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    [Re: Septal Myectomy]

    Author: Sarah B. Board Moderator (12.144.99.---)

    Date: 11-22-02 12:27

    Dear Vickie,

    You say your septum is 1.6 but you don't mention obstruction. Only someone whose septum is blocking the mitral valve is a candidate for a myectomy or an ablation as the entire purpose of those procedures is to remove the obstruction.

    The CCF is one of the best and they will help you if there is any western medicine that will make a difference in your quality of life.

    keep us posted!!

    Sarah

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    [Re: Septal Myectomy]

    Author: Lisa Salberg (---.dyn.optonline.net)

    Date: 11-22-02 14:32

    Sarah - I think she did say she had a gradient of under 50 at rest provocable to over 150... with a septal measurement of 1.6 if it would be anything I think you will be looking at myectomy. Most center like to see a septum of 1.8 or greater (I think thats a good #) as a minimum measurement to use alcohol on.

    Go to CCF, let them take a look at you and go from there... we are here when you need us!

    lisa

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    [Re: Septal Myectomy]

    Author: Robert Hartwell (---.focal3.interaccess.com)

    Date: 11-23-02 05:44

    Darek and Vicki,

    I am almost two weeks post-op from a septal myectomy done at the Cleveland Clinic. While I still have post surgery aches, I do notice a difference in things like stair climbing (slowly of course! ). Myectomy can relieve symptoms from what I call the physical side of HCM but as was mentioned earlier, does nothing for the electrical side.

    If either of you wish further information about the procedures and what to expect, please feel free to e-mail me directly.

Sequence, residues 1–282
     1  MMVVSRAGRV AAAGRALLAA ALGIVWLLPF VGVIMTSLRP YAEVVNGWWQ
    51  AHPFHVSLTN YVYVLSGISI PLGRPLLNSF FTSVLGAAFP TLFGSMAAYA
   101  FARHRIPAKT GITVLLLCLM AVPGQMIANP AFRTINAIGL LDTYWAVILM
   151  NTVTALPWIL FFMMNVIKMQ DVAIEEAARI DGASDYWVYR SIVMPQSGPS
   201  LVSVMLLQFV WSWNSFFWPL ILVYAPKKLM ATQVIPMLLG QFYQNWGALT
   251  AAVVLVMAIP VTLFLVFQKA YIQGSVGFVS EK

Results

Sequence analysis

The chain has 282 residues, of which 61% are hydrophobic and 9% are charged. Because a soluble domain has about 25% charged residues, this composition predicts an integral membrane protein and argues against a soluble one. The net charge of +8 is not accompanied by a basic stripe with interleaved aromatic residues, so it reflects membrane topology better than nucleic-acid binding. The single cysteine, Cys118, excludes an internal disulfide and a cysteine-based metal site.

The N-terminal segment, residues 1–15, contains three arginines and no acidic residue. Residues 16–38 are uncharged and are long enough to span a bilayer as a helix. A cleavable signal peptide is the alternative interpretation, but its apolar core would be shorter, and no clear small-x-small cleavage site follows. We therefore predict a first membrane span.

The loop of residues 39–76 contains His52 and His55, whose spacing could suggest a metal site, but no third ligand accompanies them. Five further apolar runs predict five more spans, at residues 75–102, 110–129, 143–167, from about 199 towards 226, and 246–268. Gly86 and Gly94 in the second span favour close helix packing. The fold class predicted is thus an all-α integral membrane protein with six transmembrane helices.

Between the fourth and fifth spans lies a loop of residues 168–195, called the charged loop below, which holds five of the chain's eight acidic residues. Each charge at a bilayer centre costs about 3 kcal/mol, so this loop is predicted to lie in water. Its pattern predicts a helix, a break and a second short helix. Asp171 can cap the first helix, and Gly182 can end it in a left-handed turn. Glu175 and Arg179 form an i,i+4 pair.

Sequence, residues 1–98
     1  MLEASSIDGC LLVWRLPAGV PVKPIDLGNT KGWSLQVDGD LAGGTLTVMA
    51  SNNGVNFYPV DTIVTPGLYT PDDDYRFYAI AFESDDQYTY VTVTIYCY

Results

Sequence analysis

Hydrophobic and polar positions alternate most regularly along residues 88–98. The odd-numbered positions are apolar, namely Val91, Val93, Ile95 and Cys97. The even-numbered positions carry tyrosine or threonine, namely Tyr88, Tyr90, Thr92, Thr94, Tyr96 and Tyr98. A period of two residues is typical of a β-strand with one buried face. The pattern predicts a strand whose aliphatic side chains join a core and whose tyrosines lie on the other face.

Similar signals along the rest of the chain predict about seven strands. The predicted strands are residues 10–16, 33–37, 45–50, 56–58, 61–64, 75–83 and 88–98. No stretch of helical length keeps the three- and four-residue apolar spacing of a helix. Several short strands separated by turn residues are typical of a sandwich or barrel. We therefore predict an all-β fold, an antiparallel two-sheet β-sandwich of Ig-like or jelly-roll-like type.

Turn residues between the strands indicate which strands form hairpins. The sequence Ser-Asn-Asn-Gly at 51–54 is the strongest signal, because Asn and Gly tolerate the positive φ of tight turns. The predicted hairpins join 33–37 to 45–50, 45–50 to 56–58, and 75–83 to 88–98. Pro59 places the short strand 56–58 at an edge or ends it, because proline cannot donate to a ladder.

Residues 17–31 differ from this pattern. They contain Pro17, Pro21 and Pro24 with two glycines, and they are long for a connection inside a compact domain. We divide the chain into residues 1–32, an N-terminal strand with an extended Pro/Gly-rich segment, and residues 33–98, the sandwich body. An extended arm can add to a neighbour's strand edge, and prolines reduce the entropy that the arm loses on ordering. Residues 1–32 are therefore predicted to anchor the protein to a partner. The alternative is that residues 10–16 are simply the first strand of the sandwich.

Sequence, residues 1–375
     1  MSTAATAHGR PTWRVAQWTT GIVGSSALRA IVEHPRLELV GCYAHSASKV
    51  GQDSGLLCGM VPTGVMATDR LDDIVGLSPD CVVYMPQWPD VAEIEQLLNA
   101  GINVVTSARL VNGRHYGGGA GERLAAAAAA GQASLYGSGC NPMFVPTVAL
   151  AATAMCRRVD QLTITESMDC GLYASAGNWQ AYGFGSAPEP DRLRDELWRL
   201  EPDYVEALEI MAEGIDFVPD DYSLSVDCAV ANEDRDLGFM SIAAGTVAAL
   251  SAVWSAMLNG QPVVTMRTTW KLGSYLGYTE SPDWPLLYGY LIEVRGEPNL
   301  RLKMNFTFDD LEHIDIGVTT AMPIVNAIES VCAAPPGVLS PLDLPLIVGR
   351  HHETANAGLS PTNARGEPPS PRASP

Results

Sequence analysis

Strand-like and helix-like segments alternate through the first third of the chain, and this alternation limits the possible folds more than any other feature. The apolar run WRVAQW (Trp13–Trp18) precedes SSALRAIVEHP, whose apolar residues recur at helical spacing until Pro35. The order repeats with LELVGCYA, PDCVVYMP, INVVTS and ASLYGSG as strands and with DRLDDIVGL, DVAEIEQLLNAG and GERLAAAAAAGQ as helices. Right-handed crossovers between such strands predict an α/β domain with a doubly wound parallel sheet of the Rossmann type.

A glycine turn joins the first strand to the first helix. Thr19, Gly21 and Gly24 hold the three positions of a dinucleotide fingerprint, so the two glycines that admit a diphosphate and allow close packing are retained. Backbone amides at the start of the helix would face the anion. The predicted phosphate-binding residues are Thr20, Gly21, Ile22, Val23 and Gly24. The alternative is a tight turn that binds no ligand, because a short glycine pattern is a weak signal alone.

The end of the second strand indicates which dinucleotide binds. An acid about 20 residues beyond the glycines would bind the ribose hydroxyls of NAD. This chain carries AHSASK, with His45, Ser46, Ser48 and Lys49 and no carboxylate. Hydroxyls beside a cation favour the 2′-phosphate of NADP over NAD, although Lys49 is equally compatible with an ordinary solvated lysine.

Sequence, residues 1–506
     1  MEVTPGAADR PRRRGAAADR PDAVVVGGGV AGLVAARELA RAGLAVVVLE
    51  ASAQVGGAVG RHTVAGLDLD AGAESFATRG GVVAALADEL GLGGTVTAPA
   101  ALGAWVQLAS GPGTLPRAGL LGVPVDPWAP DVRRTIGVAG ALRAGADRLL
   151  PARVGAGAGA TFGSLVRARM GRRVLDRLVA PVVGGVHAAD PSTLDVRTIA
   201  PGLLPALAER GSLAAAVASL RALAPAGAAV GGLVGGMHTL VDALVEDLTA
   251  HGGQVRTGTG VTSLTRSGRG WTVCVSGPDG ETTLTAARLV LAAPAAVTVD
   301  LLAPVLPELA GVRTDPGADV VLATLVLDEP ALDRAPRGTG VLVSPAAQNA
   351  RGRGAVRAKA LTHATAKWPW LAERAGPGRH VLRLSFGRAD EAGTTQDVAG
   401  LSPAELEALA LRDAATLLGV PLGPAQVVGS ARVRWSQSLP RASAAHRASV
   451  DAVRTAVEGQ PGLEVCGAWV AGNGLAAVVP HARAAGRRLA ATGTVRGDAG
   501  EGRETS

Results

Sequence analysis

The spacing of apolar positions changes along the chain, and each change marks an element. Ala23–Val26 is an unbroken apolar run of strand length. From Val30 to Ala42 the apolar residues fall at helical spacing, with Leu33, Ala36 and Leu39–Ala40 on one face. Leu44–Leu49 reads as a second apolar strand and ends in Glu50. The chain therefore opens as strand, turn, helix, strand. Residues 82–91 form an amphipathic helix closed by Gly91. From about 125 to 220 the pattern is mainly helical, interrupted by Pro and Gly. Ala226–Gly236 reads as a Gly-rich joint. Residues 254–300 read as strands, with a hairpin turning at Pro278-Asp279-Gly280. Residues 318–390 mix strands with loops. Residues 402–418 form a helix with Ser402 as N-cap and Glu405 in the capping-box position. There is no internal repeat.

Bob

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    [Re: Septal Myectomy]

    Author: Mary S. (---.net237.fl.sprint-hsd.net)

    Date: 11-23-02 07:50

    What is exactly is a normal resting gradient for the heart? My resting gradient is 55-60 but all the docs have said it is normal. Also what is chordal SAM vs valvular Sam? Is one any worse than the other? One of my echos say I have chordal SAM.

    Any answers would be appreciated!

    Mary S.

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    [Re: Septal Myectomy]

    Author: Shirley (---.grosep01.mi.comcast.net)

    Date: 11-23-02 15:20

    I had a septal myectomy at CCF March 28, 2002. It was not necessary to also replace my mitral valve although that was on the agenda. The reduction did the trick, thank goodness. I had previously had the alcohol ablation at Houston Heart Clinic, but it only gave me temporary relief.

    I am writing to say that now, in late November 8 mos. post-op, I am finally feeling really good, better and more energetic than I have in 20 years (I am 63). I was only diagnosed three years ago and went rapidly downhill. I had expected to feel better right away (silly me), and had somewhat resigned myself to the low level of activity I could manage. I went back to work May 1, but since I am a psychotherapist, my work is not physically tiring. One thing I did right after getting back to work was design a new component of my practice, Heart Surgery Coaching which I do by phone. The surgery experience was so traumatizing to me that I felt others must feel the same. Indeed, my doctor says people do suffer from depression and high stress in the immediate weeks after the surgery.

    I wish those of you who end up having surgery great good luck. I felt very safe and was well cared for at CCF although I am sure other facilities are as good.

    Warm regards,

    Shirley
    NOTE: This is a post from the previous forum message board.